Is one council about to turn Freedom of Information on its head for the greater good?

(updated to add in just how old the Harrow idea is – and also some reaction from the excellent FOIMan)

I’m a little late to this story – but it is potentially very exciting so thought I’d blog about it anyway.

As we know, there are many within local government who grumble about the cost of Freedom of Information, and their argument has gained extra momentum as budgets are squeezed everywhere.

The cuts might be bad, but it does appear a sizeable number of councillors and council bosses are seeking to find a silver lining by locking down access to FOI because, in their eyes, it just costs too much (and is rather intrusive).

I’ve argued, as have many FOI officers and journalists, that a good way to slash the FOI bill would be to be more open in the first place – and stop diverting people down the FOI route as soon as they ask a question. Publishing disclosure logs detailing what others have asked for would be a good start.

In Harrow, however, doing that doesn’t appear to be enough. They want to eliminate the cost of FOI … by making anything which could be released under FOI available by default.

So instead of councils holding information until someone asks for it, and then deciding whether it should be released, the council would only withhold from its website the information which it felt couldn’t be released.

The full details are here in a story from The Lawyer. 

Admittedly, the story is a year old, so the question has to be asked about how far they’ve gone down this track – but it’s good to see/hear that the idea of being more open was/is actually discussed at senior levels in at least one council. FOIMan has pointed out to me his blog from the time – which points out the many problems this would pose.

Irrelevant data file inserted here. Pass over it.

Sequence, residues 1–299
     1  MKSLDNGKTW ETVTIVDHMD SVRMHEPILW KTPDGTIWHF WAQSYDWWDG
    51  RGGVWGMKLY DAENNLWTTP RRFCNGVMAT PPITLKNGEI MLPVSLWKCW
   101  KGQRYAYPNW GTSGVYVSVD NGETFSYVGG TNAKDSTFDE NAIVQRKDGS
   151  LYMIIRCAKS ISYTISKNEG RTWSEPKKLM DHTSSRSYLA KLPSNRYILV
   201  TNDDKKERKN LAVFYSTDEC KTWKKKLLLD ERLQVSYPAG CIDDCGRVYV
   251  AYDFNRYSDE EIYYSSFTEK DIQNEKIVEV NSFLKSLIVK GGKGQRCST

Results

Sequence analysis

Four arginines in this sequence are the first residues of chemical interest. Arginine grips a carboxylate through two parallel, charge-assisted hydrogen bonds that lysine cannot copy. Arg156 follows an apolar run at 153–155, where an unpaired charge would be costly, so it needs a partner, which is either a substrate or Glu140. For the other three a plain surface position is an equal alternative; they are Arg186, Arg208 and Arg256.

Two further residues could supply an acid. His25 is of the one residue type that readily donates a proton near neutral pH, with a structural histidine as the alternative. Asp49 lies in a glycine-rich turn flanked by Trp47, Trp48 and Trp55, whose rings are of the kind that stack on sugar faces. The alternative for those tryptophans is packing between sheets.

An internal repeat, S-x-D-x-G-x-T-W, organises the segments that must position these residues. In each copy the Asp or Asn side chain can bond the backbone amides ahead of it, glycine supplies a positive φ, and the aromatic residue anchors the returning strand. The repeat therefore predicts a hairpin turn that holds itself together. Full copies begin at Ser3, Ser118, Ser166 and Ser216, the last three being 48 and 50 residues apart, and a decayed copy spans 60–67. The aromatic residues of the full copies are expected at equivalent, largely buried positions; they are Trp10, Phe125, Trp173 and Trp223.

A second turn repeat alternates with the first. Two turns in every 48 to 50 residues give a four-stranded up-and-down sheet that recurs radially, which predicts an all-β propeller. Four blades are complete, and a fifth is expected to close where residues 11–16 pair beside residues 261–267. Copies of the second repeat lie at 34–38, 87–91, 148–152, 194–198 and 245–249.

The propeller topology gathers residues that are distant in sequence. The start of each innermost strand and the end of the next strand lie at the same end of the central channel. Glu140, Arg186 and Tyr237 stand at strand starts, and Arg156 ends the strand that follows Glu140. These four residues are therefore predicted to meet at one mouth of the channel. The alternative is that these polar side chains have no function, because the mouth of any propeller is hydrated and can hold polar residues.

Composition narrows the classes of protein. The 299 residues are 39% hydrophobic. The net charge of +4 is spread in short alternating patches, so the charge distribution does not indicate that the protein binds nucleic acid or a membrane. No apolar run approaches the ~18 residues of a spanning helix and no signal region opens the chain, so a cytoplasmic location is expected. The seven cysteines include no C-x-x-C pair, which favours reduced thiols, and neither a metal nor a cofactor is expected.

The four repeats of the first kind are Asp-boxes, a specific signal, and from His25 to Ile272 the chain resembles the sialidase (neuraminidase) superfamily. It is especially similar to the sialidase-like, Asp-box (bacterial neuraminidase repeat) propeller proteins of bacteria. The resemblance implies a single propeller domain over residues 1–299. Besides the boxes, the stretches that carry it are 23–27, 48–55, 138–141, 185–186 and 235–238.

To quote the council’s head of legal, Hugh Peart:

“The default model for most councils is that we won’t give anything away unless we have to,” said Peart. “I want to turn the whole edifice on its head. I want us to move away from the defensive position of keeping everything to ­ourselves. I want to say that everything’s public except for a few obvious areas.”

To work, it needs a brilliant indexing system which helps people find the information they are after, but it’s an exciting idea which has the potential to turn the attitude of local government towards FOI on its head.

Of course, it wouldn’t entirely eliminate the cost of FOI – the public surely retains the right to challenge withheld information – but it is perhaps the most exciting FOI idea to come out of local government I’ve ever heard of.

Will it happen? Who knows. Will there be many in local government – especially politicians – who hope it doesn’t? I would imagine so. Good luck Harrow.

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